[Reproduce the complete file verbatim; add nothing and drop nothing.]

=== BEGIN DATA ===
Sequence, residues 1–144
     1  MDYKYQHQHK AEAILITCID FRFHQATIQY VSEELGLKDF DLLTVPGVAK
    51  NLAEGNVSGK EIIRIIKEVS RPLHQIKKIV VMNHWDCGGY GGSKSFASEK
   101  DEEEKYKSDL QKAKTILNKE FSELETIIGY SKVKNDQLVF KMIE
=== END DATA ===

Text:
Sequence, residues 1–144
     1  MDYKYQHQHK AEAILITCID FRFHQATIQY VSEELGLKDF DLLTVPGVAK
    51  NLAEGNVSGK EIIRIIKEVS RPLHQIKKIV VMNHWDCGGY GGSKSFASEK
   101  DEEEKYKSDL QKAKTILNKE FSELETIIGY SKVKNDQLVF KMIE